70 Years Later, Guernica Holds Secrets

The Associated Press
Sunday, April 22, 2007; 5:18 PM

GUERNICA, Spain -- Itziar Arzanegi can still hear the roar of the German warplane overhead, and see the old woman shaking her fists at the foreigners destroying her town. She remembers the look of horror on the woman's face as the plane swooped low, opened fire and cut her down.

It has been nearly 70 years since German and Italian fighter planes backing the fascist forces of Gen. Francisco Franco in the Spanish Civil War leveled this historic Basque town on April 26, 1937.

Myths and misinformation have shrouded the bombing from the outset, starting with the death toll, which historians have been gradually revising downward for decades. But Guernica has come to be seen as a foretaste of the aerial blitzes of World War II, immortalized in Pablo Picasso's "Guernica," one of the most iconic paintings of the 20th century.

But while the images of destruction are etched indelibly in the world's consciousness _ and in the minds of a dwindling number of survivors _ the 70th anniversary is causing barely a ripple in Spain itself. Little is planned to mark the event on a national level, and no major Spanish politicians are expected to attend a Mass, concert and wreath-laying ceremony for the dead in Guernica's town cemetery.

It is symptomatic of a country that has never come to grips with its Civil War past. Spain has become a cultural and economic powerhouse in recent years, but critics say its success has been built _ quite literally _ over the ruins of its greatest disaster.

"In Spain, we have changed on the outside _ we've built new highways, shopping centers and successful multinational companies _ but to change people's mentality on the inside has proven much more difficult," said Emilio Silva, president of an organization that leads efforts to exhume the bodies of civilians killed by Franco's forces in the 1936-9 war. Half a million people are believed to have died on all sides.

Silva said that many in the generation that lived through the war and Franco's victory learned that the best way to survive under the dictatorship was not to talk about it. Those who oversaw the country's transition to democracy following Franco's death in 1975 believed reconciliation meant burying the past.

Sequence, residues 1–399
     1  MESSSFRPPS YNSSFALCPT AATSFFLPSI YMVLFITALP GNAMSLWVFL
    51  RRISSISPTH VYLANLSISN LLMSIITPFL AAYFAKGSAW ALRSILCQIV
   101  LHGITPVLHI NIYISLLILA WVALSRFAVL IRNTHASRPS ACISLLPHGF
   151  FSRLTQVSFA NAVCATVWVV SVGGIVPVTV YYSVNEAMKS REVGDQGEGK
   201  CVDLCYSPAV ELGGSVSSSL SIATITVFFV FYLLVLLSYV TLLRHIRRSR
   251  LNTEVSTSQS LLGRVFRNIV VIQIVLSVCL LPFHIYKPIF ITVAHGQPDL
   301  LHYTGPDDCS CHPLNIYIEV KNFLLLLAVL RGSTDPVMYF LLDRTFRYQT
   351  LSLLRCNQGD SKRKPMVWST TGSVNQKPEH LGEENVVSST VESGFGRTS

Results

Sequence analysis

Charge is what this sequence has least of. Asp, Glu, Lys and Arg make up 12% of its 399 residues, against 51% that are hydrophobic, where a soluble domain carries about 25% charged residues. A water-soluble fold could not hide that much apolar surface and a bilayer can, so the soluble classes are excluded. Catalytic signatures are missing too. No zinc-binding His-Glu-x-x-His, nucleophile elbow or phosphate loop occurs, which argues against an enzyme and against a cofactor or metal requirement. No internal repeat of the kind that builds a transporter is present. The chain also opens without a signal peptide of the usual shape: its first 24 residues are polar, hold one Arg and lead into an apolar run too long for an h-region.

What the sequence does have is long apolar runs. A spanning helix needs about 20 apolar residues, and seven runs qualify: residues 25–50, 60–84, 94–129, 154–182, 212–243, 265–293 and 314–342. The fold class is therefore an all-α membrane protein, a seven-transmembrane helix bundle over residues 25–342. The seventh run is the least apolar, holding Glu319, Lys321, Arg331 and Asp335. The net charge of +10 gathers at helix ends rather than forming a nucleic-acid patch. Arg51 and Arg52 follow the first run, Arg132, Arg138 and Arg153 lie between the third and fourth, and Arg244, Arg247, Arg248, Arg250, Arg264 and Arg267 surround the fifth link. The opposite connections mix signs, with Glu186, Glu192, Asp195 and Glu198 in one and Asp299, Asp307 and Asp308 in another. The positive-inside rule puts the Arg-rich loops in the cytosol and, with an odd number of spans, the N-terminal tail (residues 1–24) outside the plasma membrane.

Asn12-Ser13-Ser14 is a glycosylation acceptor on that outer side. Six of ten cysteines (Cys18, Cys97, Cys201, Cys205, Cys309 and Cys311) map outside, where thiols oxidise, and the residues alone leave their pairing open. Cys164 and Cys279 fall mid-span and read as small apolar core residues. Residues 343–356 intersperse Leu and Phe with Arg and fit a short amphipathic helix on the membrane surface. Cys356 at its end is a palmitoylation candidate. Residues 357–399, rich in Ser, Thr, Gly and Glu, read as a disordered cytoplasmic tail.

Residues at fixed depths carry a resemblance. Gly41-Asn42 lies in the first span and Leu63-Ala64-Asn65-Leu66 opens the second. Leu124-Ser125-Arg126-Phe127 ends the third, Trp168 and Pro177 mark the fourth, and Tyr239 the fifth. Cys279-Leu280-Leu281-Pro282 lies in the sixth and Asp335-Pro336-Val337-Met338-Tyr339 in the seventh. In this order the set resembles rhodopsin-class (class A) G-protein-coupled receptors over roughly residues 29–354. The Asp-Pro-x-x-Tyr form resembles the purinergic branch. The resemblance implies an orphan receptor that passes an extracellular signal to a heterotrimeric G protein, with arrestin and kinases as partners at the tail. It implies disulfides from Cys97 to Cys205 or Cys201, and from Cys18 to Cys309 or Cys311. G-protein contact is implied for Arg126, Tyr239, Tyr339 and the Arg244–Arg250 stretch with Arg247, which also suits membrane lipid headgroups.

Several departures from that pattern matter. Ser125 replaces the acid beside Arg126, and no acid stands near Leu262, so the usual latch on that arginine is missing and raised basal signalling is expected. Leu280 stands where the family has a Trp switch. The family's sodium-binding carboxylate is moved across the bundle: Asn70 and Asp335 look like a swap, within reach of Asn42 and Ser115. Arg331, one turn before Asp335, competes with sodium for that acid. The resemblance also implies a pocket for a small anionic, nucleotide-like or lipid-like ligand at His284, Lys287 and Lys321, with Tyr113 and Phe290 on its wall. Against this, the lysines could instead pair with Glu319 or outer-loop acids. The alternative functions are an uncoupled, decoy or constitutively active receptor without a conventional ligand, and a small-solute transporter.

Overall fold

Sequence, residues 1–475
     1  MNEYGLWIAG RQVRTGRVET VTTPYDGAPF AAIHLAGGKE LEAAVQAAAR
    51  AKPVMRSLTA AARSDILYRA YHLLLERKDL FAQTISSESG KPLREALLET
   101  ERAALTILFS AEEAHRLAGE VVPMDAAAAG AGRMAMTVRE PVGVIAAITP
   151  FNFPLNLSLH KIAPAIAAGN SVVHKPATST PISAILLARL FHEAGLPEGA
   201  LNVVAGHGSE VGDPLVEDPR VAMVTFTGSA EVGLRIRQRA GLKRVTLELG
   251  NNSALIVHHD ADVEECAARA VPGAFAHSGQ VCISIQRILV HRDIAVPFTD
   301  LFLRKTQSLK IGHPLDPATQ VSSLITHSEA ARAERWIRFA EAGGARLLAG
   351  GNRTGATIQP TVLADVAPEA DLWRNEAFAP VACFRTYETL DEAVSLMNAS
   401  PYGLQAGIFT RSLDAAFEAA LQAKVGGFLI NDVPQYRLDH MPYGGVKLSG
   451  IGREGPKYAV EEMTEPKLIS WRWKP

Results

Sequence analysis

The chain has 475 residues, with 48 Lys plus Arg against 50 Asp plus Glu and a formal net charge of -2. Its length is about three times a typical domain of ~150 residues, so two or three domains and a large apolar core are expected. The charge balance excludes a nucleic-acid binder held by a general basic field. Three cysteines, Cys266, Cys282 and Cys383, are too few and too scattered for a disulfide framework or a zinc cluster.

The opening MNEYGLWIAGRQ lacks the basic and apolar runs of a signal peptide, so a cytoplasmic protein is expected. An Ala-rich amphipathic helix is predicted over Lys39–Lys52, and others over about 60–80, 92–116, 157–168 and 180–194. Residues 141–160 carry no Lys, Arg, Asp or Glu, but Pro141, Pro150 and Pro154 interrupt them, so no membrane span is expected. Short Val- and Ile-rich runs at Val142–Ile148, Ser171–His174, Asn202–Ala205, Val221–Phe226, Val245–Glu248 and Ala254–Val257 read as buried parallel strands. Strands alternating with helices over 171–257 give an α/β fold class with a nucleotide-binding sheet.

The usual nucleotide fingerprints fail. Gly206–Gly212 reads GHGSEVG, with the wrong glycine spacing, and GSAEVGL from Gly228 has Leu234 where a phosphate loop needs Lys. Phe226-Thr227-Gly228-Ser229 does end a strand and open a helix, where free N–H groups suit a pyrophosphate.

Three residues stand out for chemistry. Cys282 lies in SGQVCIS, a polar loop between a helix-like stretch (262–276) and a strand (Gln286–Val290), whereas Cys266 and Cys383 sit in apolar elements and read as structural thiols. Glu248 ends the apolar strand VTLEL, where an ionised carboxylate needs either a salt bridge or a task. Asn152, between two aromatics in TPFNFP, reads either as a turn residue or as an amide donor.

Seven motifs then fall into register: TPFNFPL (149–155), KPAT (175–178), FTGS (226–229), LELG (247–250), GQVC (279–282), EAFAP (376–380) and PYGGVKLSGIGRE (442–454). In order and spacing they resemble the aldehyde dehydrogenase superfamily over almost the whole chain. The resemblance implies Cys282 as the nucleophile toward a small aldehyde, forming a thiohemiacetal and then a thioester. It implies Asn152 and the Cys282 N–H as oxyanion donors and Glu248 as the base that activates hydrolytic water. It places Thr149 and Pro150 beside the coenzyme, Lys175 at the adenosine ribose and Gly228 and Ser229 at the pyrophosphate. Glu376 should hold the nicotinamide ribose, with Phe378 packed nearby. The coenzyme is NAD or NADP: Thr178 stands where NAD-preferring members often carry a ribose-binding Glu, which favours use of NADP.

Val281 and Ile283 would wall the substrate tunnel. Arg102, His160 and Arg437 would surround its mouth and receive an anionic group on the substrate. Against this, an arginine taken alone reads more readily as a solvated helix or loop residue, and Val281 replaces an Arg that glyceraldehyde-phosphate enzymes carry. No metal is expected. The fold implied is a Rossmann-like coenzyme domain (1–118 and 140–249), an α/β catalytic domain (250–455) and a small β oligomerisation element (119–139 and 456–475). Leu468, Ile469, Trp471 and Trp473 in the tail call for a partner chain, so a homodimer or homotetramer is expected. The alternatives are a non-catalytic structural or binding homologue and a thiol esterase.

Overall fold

But the grandchildren and great-grandchildren of the war generation are starting to demand more openness, he said, adding: "A country without memory has no meaning at all."

Survivors of the Guernica bombing, their faces lined by age, say forgetting has never been an option for them.

Arzanegi was just 11 years old when the bombs started to fall. She fled to a pine grove on a hill above town and watched the inferno below. She and other villagers hid in the brush as the planes screamed overhead, until one woman could contain her anger no longer. She jumped out and started to scream at the sky, just as a plane was coming into view.

"There are many things we live through in our lives, and some of the details we forget, but that bombardment I cannot forget, not even for a single day," said Arzanegi. "As long as I live, the sight of that plane dropping down and machine-gunning that woman will be with me. It was so cruel, so unimaginable."

Only about 200 survivors are known to be alive today, according to Remembering Guernica, a non-governmental peace group based in the town. But the stories they tell of that day in their childhood are captivating and terrifying in their detail.

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